Influence of environmental conditions on the toxicokinetics of cadmium in the marine copepod Acartia tonsa

Marine and estuarine ecosystems are highly productive areas that often act as a final sink for several pollutants, such as cadmium. Environmental conditions in these habitats can affect metal speciation, as well as its uptake and depuration by living organisms. The aim of this study was to assess cadmium uptake and depuration rates in the euryhaline calanoid copepod Acartia tonsa under different pH, salinity and temperature conditions. Cadmium speciation did not vary with changing pH or temperature, but varied with salinity. Free Cd2+ ion activity increased with decreasing salinities resulting in increased cadmium concentrations in A. tonsa. However, uptake rate, derived using free Cd2+ ion activity, showed no significant differences at different salinities indicating a simultaneous combined effect of Cd2+ speciation and metabolic rates for osmoregulation. Cadmium concentration in A. tonsa and uptake rate increased with increasing pH, showing a peak at the intermediate pH of 7.5, while depuration rate fluctuated, thus suggesting that both parameters are mediated by metabolic processes (to maintain homeostasis at pH levels lower than normal) and ion competition at membrane binding sites. Cadmium concentration in A. tonsa, uptake and depuration rates increased with increasing temperature, a trend that can be attributed to an increase in metabolic energy demand at higher temperatures. The present study shows that cadmium uptake and depuration rates in the marine copepod A. tonsa is mostly affected by biological processes, mainly driven by metabolic mechanisms, and to a lesser extent by metal speciation in the exposure medium.

Continue reading ‘Influence of environmental conditions on the toxicokinetics of cadmium in the marine copepod Acartia tonsa’

Predation in high CO2 waters: prey fish from high-risk environments are less susceptible to ocean acidification

Most studies investigating the effects of anthropogenic environmental stressors do so in conditions that are often optimal for their test subjects, ignoring natural stressors such as competition or predation. As such, the quantitative results from such studies may often underestimate the lethality of certain toxic compounds. A well-known example of this concept is illustrated by the marked increase in the lethality of pesticides when larval amphibians are concurrently exposed to the odor of potential predators. Here, we investigated the interaction between background levels of environmental predation risk (high vs. low) and ocean acidification (ambient vs. elevated CO2) in 2 × 2 design. Wild-caught juvenile damselfish, Pomacentrus amboinensis, were exposed in the laboratory to the different risk and CO2 conditions for 4 days and released onto coral reef patches. Using a well-established field assay, we monitored the in situ behavior and mortality of the damselfish for 2 days. We predicted that juvenile fish exposed to elevated CO2 and high-risk conditions would display more severe behavioral impairments and increased mortality compared to fish exposed to elevated CO2 maintained under low-risk conditions. As expected, elevated CO2 exposure led to impaired antipredator responses and increased mortality in low-risk fish compared to ambient CO2 controls. However, we failed to find an effect of elevated CO2 on the behavior and survival of the high-risk fish. We hypothesized that the results may stem from either a behavioral compensation or a physiological response to high risk. Our results provide insights into the interactive nature of environmental and natural stressors and advance our understanding of the predicted effect of ocean acidification on aquatic ecosystems.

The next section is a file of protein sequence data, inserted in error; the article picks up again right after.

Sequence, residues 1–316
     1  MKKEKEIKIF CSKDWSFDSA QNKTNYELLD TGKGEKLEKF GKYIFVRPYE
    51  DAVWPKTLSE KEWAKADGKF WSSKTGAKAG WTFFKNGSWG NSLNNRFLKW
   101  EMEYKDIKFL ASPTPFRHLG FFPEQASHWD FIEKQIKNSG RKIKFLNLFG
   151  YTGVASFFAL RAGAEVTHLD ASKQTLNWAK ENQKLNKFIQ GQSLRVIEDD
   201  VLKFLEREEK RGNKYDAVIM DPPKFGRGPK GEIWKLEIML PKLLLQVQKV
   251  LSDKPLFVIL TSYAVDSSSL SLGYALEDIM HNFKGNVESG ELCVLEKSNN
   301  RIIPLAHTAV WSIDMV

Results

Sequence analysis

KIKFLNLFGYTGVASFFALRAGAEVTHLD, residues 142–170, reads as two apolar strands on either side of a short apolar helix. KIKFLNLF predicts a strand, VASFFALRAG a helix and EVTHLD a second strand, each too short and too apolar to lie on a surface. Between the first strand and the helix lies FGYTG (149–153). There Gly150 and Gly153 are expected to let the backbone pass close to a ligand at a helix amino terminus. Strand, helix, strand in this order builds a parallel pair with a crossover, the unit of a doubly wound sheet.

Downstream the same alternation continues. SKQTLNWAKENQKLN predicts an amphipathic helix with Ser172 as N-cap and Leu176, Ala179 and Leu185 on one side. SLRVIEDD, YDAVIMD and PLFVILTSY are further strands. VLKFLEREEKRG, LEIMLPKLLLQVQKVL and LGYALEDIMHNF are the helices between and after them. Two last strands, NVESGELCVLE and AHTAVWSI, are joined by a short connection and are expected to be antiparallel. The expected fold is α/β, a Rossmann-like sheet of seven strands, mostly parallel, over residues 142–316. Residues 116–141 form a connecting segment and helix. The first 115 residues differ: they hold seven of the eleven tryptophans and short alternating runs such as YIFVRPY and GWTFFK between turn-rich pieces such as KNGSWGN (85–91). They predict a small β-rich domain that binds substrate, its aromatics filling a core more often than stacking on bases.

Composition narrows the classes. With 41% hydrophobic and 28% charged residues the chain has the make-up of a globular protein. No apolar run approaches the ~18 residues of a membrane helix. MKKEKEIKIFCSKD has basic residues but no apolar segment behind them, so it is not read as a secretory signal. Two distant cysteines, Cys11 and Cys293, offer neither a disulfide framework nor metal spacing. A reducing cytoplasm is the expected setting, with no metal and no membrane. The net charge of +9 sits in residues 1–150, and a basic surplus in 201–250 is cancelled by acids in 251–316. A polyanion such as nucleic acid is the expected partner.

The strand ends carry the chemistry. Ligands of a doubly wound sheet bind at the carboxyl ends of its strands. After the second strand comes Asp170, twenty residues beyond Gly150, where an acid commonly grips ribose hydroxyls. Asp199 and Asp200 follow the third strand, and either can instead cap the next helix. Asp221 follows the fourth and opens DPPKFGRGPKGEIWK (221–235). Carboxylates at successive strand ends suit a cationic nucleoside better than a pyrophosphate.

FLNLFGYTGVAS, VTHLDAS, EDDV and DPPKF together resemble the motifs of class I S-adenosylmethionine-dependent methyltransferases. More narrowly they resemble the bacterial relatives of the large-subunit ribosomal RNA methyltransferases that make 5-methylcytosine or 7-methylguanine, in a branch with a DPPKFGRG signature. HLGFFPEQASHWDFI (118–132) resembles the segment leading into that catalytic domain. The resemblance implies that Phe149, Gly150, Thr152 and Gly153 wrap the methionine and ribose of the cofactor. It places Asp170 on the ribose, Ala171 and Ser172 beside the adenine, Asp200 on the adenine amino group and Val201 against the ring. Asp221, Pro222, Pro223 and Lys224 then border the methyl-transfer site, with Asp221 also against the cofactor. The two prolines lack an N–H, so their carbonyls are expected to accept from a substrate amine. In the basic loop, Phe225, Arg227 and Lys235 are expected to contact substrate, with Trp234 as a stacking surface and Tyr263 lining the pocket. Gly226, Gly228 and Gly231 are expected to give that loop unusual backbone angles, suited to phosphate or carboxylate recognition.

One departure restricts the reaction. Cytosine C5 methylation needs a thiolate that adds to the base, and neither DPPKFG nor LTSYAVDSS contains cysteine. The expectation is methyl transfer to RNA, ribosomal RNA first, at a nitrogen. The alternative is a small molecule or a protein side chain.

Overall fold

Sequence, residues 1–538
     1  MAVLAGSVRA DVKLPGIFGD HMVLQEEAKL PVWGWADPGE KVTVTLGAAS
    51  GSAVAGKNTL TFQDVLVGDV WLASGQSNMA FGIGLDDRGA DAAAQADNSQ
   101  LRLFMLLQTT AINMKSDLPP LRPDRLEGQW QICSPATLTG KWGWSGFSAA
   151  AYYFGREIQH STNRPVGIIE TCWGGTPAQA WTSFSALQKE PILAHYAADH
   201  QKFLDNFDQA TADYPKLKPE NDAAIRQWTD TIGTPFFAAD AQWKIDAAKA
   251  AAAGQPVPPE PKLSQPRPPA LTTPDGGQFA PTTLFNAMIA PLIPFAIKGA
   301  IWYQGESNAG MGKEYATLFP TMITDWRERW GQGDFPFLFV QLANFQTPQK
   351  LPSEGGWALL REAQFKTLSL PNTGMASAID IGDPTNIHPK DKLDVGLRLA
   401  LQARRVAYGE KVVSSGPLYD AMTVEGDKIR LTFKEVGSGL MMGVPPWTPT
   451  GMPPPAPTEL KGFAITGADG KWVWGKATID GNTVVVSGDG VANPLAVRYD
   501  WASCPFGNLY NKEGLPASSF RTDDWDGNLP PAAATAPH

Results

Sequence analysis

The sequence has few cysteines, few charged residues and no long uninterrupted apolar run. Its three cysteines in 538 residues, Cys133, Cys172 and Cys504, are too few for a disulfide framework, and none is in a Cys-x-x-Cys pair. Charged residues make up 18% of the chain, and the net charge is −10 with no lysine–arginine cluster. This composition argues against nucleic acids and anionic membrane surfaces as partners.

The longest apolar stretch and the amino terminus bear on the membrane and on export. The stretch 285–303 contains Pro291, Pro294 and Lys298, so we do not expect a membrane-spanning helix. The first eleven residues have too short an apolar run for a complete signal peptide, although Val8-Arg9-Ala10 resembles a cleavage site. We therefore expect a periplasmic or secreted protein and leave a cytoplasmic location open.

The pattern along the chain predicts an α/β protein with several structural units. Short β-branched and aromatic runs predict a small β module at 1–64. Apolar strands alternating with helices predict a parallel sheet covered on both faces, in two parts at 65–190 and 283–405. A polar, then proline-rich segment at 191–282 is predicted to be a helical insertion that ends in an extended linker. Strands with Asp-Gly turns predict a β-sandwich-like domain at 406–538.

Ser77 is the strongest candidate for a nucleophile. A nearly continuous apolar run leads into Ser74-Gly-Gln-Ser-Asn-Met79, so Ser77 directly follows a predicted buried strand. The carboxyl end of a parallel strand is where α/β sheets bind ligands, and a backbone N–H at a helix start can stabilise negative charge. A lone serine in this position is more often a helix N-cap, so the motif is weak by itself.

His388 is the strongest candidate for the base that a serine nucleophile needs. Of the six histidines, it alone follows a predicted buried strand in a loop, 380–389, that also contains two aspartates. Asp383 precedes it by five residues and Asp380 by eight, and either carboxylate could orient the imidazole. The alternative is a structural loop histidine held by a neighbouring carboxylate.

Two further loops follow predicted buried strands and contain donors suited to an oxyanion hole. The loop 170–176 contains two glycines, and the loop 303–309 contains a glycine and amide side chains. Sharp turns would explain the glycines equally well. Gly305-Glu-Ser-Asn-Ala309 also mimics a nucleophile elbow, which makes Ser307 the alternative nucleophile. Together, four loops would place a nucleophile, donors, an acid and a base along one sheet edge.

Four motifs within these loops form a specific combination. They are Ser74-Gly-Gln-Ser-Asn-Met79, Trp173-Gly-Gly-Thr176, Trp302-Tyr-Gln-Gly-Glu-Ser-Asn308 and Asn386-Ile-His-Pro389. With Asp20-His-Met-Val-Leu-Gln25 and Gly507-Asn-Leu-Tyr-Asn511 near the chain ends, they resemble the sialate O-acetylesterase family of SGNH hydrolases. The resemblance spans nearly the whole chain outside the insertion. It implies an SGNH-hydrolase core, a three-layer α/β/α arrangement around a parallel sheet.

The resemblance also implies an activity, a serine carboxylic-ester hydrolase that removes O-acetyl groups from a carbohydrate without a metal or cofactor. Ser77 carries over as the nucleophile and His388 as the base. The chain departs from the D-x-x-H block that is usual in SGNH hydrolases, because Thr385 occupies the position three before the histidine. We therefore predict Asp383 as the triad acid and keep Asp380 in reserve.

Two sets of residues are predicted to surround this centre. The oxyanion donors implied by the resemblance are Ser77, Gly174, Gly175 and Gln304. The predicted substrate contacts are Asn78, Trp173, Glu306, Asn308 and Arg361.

Continue reading ‘Predation in high CO2 waters: prey fish from high-risk environments are less susceptible to ocean acidification’

Ocean acidification alters the burrowing behaviour, Ca2+/Mg2+-ATPase activity, metabolism, and gene expression of a bivalve species, Sinonovacula constricta

Although the impacts of ocean acidification on fertilization, embryonic development, calcification, immune response, and behaviour have been well studied in a variety of marine organisms, the physiological and molecular mechanism manifesting acidification stress on behavioural response remains poorly understood. Therefore, the impacts of future ocean acidification scenarios (pH at 7.8, 7.6, and 7.4) on the burrowing behaviour, Ca2+/Mg2+-ATPase activity, metabolism, and expression of energy-producing-related genes of the razor clam Sinonovacula constricta were investigated in the present study. The results showed that elevated CO2 partial pressure ( pCO2) (pH at 7.6 and 7.4) led to a significant reduction in the digging depth of the razor clam. In addition, exposure to pCO2-acidified seawater depressed the metabolism and activity of Ca2+/Mg2+-ATPase, which may partially contribute to the reduced digging depth detected. Furthermore, the expression of energy-producing-related genes was generally induced by exposure to acidified seawater and could be accounted for by an increased energy demand under acidification stress. The results obtained suggest ocean acidification may exert a behavioural impact through altering physiological condition in the razor clam.

Continue reading ‘Ocean acidification alters the burrowing behaviour, Ca2+/Mg2+-ATPase activity, metabolism, and gene expression of a bivalve species, Sinonovacula constricta’


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Ocean acidification in the IPCC AR5 WG II